Conrad Ricamora as Xue Xing, reflects not only his personal philosophy, but that of China’s aspiring new role in global politics. In the play, they eschew raw military or hard power, preferring the label of practitioners of ‘soft power’. They prefer to influence world opinions with trade, political ideas, and peaceful non-military solutions as a way of becoming the new world leader. Mr. Ricamora , renders a terrifically polished, stylish, understated performance, as the avatar of Chinese ambitions in the future.
There is a third major character in this highly entertaining production: None other than that of David Henry Whang himself. The actor who portrays Mr. Hwang on stage is Francis Jue who delivers a solid, empathetic, portrayal as the quasi-narrator of the musical. I would humbly submit that perhaps, Mr. Hwang is a fan of the great movie director Alfred Hitchcock, who always inserted an image of himself as character into every film he made. However, it’s not that unusual in Mr. Hwang’s case. He was a character in his 2007 play “Yellow Face”, playing himself.
In Act Two, the stage heats up again with the performance of Ms. Louis. This time she’s playing Hillary Clinton. Yes, that Hillary Clinton! It’s a dynamite performance by a consummate singer/ actor/ dancer at the top her game. No more spoiler alerts from me, but remember it is a political comedy/parody production and should be experienced in person. Director Silverman gives her skilled cast the green light to go full speed ahead, which they do in spades. The standing ovation at the curtain call lasted for over a minute. I checked my watch. It was richly deserved.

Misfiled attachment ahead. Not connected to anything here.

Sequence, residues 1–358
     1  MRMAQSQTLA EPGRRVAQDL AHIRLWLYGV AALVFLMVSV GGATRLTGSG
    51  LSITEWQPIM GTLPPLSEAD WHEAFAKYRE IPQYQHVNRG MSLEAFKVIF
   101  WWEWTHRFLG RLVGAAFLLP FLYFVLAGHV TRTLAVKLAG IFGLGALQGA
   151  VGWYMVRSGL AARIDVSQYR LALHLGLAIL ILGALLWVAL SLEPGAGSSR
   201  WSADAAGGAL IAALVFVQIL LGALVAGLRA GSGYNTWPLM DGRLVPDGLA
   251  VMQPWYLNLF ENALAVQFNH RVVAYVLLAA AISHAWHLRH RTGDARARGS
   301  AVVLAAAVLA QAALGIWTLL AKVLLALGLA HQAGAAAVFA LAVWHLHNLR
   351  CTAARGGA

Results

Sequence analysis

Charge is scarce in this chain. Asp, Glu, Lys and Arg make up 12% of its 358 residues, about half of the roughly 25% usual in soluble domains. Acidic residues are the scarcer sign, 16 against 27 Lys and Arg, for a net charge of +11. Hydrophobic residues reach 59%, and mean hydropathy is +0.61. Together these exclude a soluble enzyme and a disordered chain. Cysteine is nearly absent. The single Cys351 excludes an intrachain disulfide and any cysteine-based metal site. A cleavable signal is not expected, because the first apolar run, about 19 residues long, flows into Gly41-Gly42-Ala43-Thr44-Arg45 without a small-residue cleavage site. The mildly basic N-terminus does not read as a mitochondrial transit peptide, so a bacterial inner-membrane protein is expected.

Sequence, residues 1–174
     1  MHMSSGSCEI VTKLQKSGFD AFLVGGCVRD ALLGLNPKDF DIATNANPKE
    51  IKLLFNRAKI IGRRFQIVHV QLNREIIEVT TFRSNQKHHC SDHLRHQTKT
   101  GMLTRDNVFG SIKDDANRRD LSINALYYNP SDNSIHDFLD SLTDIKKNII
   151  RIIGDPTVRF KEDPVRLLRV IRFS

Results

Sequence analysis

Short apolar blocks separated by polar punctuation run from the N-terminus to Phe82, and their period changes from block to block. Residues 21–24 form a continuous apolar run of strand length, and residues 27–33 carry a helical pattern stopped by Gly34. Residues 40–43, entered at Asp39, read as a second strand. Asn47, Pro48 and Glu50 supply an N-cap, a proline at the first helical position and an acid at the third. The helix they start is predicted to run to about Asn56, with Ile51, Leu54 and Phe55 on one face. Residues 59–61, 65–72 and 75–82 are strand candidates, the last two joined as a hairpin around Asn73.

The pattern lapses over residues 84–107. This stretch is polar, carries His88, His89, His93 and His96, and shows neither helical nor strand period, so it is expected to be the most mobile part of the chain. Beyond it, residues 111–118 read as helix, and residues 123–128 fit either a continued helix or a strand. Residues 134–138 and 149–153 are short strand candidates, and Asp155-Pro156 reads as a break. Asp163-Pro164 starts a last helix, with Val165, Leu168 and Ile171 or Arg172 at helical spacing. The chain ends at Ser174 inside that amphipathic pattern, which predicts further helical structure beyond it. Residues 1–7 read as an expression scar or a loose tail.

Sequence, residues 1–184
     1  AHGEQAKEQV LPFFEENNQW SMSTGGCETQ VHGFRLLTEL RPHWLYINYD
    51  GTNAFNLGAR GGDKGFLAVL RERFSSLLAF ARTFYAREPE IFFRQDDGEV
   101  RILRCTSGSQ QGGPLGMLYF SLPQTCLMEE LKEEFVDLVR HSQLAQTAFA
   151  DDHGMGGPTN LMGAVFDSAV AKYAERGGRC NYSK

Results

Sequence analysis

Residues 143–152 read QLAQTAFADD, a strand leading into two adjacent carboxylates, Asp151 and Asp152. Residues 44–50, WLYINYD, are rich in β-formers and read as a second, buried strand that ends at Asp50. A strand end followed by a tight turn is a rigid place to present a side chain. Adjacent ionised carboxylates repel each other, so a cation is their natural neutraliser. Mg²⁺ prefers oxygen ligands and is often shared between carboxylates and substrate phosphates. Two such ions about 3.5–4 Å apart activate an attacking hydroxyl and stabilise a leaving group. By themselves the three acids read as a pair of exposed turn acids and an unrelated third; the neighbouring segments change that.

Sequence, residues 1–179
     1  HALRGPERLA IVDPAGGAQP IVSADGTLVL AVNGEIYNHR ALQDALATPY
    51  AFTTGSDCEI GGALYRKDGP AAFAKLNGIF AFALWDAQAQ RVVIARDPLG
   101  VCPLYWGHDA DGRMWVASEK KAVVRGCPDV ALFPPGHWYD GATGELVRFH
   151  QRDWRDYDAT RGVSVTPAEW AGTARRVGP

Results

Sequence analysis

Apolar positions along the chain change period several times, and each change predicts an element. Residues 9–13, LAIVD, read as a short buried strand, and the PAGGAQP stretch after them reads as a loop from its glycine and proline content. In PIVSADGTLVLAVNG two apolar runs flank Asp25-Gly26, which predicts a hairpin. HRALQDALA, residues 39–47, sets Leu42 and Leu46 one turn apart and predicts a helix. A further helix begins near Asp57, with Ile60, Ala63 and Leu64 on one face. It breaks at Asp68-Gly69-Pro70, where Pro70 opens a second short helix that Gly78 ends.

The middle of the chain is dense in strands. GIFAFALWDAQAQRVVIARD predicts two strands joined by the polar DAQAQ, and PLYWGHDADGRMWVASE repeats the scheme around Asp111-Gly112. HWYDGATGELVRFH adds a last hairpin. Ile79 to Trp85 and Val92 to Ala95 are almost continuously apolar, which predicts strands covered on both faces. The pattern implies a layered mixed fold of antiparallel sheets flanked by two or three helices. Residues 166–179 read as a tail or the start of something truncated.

On the reality check aspect of the overall production, I would submit that the political comedy lacked subtlety at times, and had a tendency to hit one over the head with a hammer, making sure we got the bit and the metaphor. It may be a bit sophisticated or too on-the-nosey for some, but the audience on opening night definitely got it.
The Ahmanson Theatre is the proper sized house and stage that gives Scenic Designer David Zinn plenty of leeway in delivering a performing space for this excellent production to breathe. Supporting cast members include: Billy Bustamonte; Jon Hoche, Kendyl Ito; Austin Ku; Raymond J. Lee; Jaygee Macapugay; Daniel May; Paul Heesang Miller; Kristen Faith Oei; Maria-Christina Oliveras; and Geena Quintos. Well done all.
In the technical department led by director Silverman whose impeccable timing throughout the evening keeps the audience riveted and fully engaged. The costume designs of Anita Yavich, and the lighting design by Mark Barton flood the Ahmanson stage with color and light becoming a visual feast for the eyes and the ears, along with the Sound Design of Kai Harada. The high-octane choreography of Sam Pinkleton keeps everyone on their toes under the musical baton of Music Supervisor Chris Fenwick.
‘Soft Power”, makes for a splendid evening of music, dance, and comedy that performs at the Ahmanson Theatre and runs through June 10, 20i8.